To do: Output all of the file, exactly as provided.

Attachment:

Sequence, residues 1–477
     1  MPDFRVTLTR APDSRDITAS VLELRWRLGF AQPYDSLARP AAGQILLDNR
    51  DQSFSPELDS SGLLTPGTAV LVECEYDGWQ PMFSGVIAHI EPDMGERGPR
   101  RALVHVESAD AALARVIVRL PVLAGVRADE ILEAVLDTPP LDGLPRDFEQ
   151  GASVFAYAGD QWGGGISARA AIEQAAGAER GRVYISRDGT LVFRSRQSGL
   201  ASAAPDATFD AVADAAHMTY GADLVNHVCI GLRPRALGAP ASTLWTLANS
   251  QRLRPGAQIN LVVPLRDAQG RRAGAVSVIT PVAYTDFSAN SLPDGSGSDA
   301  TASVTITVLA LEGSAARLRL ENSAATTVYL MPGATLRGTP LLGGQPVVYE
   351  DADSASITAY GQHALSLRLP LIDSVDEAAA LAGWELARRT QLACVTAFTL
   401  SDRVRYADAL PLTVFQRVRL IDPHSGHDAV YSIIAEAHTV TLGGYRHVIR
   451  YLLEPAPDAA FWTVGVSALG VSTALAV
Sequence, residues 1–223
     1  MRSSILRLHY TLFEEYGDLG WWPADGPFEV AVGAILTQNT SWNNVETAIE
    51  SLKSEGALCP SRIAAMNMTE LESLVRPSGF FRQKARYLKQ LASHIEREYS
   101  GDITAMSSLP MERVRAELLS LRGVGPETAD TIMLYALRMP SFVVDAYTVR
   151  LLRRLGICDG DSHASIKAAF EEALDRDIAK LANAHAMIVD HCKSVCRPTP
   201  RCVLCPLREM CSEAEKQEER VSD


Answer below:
Sequence, residues 1–477
     1  MPDFRVTLTR APDSRDITAS VLELRWRLGF AQPYDSLARP AAGQILLDNR
    51  DQSFSPELDS SGLLTPGTAV LVECEYDGWQ PMFSGVIAHI EPDMGERGPR
   101  RALVHVESAD AALARVIVRL PVLAGVRADE ILEAVLDTPP LDGLPRDFEQ
   151  GASVFAYAGD QWGGGISARA AIEQAAGAER GRVYISRDGT LVFRSRQSGL
   201  ASAAPDATFD AVADAAHMTY GADLVNHVCI GLRPRALGAP ASTLWTLANS
   251  QRLRPGAQIN LVVPLRDAQG RRAGAVSVIT PVAYTDFSAN SLPDGSGSDA
   301  TASVTITVLA LEGSAARLRL ENSAATTVYL MPGATLRGTP LLGGQPVVYE
   351  DADSASITAY GQHALSLRLP LIDSVDEAAA LAGWELARRT QLACVTAFTL
   401  SDRVRYADAL PLTVFQRVRL IDPHSGHDAV YSIIAEAHTV TLGGYRHVIR
   451  YLLEPAPDAA FWTVGVSALG VSTALAV
Sequence, residues 1–223
     1  MRSSILRLHY TLFEEYGDLG WWPADGPFEV AVGAILTQNT SWNNVETAIE
    51  SLKSEGALCP SRIAAMNMTE LESLVRPSGF FRQKARYLKQ LASHIEREYS
   101  GDITAMSSLP MERVRAELLS LRGVGPETAD TIMLYALRMP SFVVDAYTVR
   151  LLRRLGICDG DSHASIKAAF EEALDRDIAK LANAHAMIVD HCKSVCRPTP
   201  RCVLCPLREM CSEAEKQEER VSD